Styles & Forms | Easy Listening | Popular & Novelty

Until it was reclaimed with an ironic wink by 1990s hipsters, easy listening had been hugely popular, but rarely cool. While the teenagers of the 1950s and 1960s were getting off on dangerous rock’n’roll and subversive R&B, their parents were sweetly cocooned in the music of Mantovani and Percy Faith.

Easy listening music never launched any rebellions; no riots raged to its syrupy strains. When Sam Mendes, the director of the 1999 movie American Beauty, wanted to emphasize the gulf between his two leads, he had Kevin Spacey rock out to Pink Floyd while Annette Bening daydreamed to the ‘champagne music’ of Lawrence Welk.

Easy listening is unobtrusive, pacifying music built around pleasant, easily digestible melodies. Which is not to say it has no artistic value: within its wide borders can be found a rich spectrum of sounds, seasoned with influences from classical to pop to rock to jazz. Though often dismissed as hollow and uninspired, the genre has been distinguished by the work of some lavishly talented musicians, including such immortals as Henry Mancini and Burt Bacharach. Among its less publicized fans was one John Lennon, who admitted furtively indulging while Yoko Ono was away on business.

A Birthplace In Business

Beautiful music, mood music, elevator music, background music, light music, adult contemporary, light classical; all fall in some way beneath the umbrella of easy listening, as do the more sugary releases of Frank Sinatra, Dean Martin, Perry Como, Patti Page, Eva Cassidy and The Carpenters. Since it was concerned with the subtle influencing of mood, it also had much in common with movie music; many easy listening stars doubled as soundtrack composers.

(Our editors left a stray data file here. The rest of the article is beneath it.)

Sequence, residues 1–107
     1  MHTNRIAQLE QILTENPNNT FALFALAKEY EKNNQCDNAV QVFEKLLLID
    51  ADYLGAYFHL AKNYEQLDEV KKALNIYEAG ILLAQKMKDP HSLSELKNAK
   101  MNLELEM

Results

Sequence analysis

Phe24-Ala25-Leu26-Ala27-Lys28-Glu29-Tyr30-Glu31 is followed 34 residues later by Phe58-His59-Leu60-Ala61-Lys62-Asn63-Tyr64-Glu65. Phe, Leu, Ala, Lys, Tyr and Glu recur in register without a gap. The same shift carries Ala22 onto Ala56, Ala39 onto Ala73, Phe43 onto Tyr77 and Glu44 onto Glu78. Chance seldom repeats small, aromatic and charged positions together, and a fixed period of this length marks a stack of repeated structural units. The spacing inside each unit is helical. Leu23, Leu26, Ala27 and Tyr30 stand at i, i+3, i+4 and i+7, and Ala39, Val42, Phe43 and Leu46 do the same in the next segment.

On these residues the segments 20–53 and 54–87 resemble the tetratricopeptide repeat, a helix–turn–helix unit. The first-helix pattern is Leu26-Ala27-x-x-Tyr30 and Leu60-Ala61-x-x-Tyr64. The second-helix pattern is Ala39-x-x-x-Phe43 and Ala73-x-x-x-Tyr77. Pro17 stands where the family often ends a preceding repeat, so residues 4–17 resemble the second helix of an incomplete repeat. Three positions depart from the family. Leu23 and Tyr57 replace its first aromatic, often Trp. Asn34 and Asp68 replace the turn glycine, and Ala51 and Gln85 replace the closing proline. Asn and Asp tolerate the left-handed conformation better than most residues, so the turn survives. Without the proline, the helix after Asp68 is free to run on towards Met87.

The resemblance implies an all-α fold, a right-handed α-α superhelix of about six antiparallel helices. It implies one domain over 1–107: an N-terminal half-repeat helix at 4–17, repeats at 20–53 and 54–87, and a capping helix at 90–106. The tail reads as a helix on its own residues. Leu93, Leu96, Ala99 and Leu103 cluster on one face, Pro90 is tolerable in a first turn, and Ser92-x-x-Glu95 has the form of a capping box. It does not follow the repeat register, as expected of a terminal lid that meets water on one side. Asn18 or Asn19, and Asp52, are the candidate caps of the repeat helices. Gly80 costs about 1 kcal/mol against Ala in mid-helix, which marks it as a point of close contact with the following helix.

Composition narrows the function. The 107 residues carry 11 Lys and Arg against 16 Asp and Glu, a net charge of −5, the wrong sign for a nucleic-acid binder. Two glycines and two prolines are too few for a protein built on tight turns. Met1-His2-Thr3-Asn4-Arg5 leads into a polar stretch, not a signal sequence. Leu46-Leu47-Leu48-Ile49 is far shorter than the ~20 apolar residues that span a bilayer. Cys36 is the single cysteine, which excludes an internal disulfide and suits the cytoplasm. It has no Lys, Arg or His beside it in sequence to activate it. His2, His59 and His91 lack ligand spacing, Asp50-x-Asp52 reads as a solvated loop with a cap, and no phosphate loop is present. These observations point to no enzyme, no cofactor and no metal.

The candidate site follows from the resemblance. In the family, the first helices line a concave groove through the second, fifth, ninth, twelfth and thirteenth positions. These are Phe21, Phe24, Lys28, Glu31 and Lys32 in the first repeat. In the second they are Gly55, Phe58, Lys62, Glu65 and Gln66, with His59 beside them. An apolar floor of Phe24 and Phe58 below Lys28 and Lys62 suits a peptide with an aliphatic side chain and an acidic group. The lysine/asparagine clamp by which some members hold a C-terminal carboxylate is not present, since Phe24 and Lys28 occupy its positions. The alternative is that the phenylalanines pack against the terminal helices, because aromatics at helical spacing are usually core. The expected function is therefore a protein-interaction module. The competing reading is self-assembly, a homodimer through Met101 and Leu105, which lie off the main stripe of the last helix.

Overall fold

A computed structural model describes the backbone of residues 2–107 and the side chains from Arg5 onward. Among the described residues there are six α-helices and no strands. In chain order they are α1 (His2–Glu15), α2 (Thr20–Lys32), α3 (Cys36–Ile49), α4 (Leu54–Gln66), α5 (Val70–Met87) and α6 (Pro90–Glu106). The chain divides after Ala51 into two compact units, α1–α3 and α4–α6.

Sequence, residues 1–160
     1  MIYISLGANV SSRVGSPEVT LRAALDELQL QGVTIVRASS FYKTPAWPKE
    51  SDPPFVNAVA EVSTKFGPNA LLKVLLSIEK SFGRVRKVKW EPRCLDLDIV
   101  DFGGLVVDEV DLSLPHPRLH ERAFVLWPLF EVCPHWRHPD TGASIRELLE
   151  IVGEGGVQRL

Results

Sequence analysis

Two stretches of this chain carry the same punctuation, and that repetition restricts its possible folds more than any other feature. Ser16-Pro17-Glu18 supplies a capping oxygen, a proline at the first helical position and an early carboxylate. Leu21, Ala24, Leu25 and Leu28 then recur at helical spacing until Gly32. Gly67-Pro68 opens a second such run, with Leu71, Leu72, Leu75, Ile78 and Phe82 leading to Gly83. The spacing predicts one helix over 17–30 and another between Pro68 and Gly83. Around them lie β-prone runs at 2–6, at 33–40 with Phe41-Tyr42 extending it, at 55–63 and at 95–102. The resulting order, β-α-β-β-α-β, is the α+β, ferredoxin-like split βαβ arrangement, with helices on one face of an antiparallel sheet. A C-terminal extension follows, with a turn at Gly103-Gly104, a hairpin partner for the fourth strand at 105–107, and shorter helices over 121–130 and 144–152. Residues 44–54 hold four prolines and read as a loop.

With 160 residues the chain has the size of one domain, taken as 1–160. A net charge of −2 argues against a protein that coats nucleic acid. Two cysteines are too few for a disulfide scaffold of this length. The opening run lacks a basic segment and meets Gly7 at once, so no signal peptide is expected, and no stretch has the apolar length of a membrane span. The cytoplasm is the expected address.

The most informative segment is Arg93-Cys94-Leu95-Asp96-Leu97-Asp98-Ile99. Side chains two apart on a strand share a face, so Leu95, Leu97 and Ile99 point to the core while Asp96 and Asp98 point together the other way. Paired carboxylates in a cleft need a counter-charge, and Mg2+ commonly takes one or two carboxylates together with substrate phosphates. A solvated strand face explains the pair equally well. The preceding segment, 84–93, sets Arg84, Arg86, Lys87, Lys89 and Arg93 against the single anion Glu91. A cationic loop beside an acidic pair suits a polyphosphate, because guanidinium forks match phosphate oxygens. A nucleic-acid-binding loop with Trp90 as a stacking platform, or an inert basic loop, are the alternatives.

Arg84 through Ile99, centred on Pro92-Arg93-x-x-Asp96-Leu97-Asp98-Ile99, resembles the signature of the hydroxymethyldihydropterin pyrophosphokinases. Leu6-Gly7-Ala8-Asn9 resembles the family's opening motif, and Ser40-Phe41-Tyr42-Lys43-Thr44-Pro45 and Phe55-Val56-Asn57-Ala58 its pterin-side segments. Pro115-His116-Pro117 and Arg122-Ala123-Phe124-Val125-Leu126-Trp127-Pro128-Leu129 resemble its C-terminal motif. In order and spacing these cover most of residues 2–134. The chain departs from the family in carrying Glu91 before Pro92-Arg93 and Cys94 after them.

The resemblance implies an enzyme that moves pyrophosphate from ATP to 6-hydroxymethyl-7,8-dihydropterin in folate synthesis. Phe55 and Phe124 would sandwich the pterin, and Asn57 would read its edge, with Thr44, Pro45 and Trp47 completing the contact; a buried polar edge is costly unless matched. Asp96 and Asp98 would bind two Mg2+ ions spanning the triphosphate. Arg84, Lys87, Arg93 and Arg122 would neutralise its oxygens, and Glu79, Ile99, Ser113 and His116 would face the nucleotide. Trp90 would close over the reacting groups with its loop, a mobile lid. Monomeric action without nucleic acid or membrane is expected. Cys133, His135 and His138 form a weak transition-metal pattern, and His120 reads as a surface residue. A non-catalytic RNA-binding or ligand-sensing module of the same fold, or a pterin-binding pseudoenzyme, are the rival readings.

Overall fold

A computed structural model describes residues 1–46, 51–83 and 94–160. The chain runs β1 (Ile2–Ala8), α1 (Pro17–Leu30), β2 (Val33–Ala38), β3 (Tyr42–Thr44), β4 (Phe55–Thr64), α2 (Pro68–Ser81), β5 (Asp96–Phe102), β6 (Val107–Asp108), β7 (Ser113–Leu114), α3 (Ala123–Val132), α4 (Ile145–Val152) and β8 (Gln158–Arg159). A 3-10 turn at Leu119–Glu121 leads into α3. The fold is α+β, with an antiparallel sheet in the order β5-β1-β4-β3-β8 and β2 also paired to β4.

But the genre’s origins lie in commerce, and one of its fathers was not a musician but an American soldier. Brigadier General George Owen Squier patented the transmission of background music in the 1920s and his corporate intentions were implicit in the name he chose for it – ‘Muzak’ – which combined ‘music’ with ‘Kodak’, the name of one of his favourite companies. Originally designed to soothe the nerves of workers making vertiginous journeys up the first skyscrapers, the modulated supply of watered-down classical, jazz and popular tunes soon became known as ‘elevator music’.

Gradually increasing in tempo throughout a shift and regimented into a mood scale ranging from ‘gloomy-minus three’ to ‘ecstatic-plus eight’, Muzak became popular with company bosses, who believed it increased productivity and boosted morale. By the early 1970s, 47 of the world’s 50 largest corporations were subscribers; Muzak was played in shopping malls and airport departure lounges, used as telephone hold music, and was even piped into Polaris submarines. Muzak’s ability to influence, or ‘tint’, human moods fascinated musicians like Brian Eno, who explored it in his Discrete Music LP (1975), generally acknowledged as one of the earliest examples of ambient music.

Others saw in Muzak sinister echoes of Aldous Huxley’s dystopian Brave New World, in which citizens were fed...

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Source: The Illustrated Encyclopedia of Music, general editor Paul Du Noyer


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